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From the press conference last night, they do have a backup power source in place, but the fire apparently also took out the switch that would have allowed them to fail over to the backup power source. I'll bet that there'll be some research on how to harden that switch once the dust settles.

 

This would appear to violate the principle of N-1 redundancy, meaning no single failure can bring the system down. Thus in addition to a second power supply you would need a second set of switchgear, a second control system, etc.

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I recall when Amtrak was searching for a location to house its 'Arrow' computer system, for reservations, as well as operations and maintenance....

The site they selected in Philly was an older loft building, that was fed by two entirely separate power sub stations.....(not sure if they are still at that location)...

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There is one thing that unites people all over the world, no matter what; our undying need to affix blame on a singular entity. It doesnt matter that most things like this are an unfortunate confluence of random events; somebody or something must be crucified. And you know better than to wonder why people are that asinine; they just are.

 

I happen to find Delta reasonably agreeable for domestic trips, but let's be a bit more considerate about why negative developments become so contentious these days. An ever shrinking number of US airlines send the vast majority of our nation's time sensitive passengers through a tiny number of ever larger fortress hubs. When even a single fortress hub goes haywire a larger number of passengers are impacted with fewer alternatives than ever before. Add to that dynamic the tradition of treating front line employees poorly. Employees who have few options other than taking their frustrations out on their customers. Customers who in turn can't do anything about their own predicament other than blaming the messenger. The people who have the power to change anything important or expensive (upper level executives at the airline, airport, and power company) are largely unreachable and unaccountable to the people who are directly impacted by their decisions. This creates a situation where the decision makers are insulated from most of the criticism while most of blame is passed around between people who have no practical method for addressing or resolving it.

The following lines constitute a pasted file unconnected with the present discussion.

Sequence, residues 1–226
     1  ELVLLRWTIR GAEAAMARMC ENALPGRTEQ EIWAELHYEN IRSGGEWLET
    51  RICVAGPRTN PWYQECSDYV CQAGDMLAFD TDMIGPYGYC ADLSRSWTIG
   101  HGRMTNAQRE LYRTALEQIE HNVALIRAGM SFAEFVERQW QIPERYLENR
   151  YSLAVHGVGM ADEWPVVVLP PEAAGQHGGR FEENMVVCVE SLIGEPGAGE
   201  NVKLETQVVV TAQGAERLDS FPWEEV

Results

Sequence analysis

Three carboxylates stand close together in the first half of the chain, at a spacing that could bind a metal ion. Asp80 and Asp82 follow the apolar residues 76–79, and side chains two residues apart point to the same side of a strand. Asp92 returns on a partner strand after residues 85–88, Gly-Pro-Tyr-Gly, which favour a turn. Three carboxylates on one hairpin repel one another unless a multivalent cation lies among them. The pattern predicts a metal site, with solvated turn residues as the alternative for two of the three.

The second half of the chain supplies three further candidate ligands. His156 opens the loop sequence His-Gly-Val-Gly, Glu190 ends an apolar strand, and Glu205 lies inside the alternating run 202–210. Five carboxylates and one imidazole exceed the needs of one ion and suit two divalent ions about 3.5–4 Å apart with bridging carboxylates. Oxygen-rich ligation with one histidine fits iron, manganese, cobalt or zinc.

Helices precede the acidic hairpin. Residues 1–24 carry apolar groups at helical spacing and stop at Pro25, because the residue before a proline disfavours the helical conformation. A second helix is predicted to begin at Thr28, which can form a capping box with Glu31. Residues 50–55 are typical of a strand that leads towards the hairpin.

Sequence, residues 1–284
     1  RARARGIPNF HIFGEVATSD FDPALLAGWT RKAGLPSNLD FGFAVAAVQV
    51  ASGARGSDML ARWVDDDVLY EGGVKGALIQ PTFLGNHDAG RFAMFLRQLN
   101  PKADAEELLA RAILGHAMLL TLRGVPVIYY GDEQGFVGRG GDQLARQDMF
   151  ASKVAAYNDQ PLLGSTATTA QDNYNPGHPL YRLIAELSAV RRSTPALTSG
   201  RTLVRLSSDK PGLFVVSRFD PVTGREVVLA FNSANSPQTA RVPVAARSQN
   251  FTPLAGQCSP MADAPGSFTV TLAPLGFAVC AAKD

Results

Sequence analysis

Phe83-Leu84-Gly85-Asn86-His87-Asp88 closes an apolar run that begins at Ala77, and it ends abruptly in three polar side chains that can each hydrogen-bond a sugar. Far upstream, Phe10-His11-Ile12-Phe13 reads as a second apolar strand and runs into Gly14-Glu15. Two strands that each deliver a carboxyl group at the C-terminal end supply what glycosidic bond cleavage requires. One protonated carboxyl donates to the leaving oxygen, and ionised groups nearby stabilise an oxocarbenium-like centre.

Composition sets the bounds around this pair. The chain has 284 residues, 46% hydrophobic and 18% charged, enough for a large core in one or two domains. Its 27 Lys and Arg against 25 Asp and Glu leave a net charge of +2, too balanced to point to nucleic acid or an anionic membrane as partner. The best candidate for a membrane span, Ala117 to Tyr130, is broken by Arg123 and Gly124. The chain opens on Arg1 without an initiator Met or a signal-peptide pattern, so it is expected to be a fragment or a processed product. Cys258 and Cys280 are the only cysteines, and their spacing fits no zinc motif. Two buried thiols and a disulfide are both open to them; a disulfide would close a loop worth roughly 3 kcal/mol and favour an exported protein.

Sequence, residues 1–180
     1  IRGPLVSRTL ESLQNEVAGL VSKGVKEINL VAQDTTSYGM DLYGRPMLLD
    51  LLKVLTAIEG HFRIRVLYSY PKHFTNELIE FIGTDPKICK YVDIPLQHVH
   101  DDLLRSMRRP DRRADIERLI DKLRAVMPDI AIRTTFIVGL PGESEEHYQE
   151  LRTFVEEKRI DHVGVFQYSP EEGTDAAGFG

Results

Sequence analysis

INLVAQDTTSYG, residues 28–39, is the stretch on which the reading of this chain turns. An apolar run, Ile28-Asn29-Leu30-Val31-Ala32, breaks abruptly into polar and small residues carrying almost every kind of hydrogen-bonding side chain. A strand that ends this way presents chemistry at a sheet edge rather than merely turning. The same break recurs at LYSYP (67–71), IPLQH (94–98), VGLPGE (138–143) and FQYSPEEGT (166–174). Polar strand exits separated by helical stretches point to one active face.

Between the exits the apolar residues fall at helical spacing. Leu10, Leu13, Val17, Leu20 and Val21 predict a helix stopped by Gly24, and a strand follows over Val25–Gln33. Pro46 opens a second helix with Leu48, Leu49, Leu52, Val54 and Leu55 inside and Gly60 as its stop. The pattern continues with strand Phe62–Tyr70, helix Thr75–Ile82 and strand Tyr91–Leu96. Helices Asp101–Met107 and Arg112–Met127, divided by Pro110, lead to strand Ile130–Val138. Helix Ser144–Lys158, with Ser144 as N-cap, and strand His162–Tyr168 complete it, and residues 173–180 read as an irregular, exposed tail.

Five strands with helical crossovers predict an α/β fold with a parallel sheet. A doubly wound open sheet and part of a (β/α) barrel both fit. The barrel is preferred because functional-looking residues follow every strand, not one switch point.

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Also, usually there is a measurable tradeoff between resiliency and cost of efficiency.In the next quarter's financial results driven world, there is a tendency to ignore resiliency because its absence will be a real issue only rather infrequently, one hopes. But the quest for efficiency progressively makes the entire system more fragile, making the assumption about infrequency of unrecoverable failures more and more invalid. Ergo, when things go south (a) they really go far south, and (b) they start happening more often.

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Oh, I know that. In this case the fault lays with a combination of the airport and the power company and an unfortunate fire. But it is unreasonable to hold one single buffoon responsible for the actions or inactions of a class of clowns.

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I flew in from Shannon during the middle of this. It was only the terminal affected, ATC and all other airport functions were powered. So too was the south cargo ramp where we parked. Coming in was eerily quiet, normally Atlanta approach is just non stop radio calls but that night we were the only aircraft on frequency from check in to turning off the runway. The terminal buildings were just blacked out with the only random lights off vehicles shining in between them. The roads leading into the west terminal were solid red from all the vehicles stuck in traffic trying to get in to I guess pick people up. This was a few hours after the power loss and there were still Delta jets strung our across the taxiways waiting for a gate, and lav trucks darting in between them to keep them serviced.

 

I was insanely lucky to already have a hotel room and ticket out the next morning on the first Delta bird going home that wasn't cancelled. And with my crew access I was able to avoid the ginormous TSA lines. It was a mess.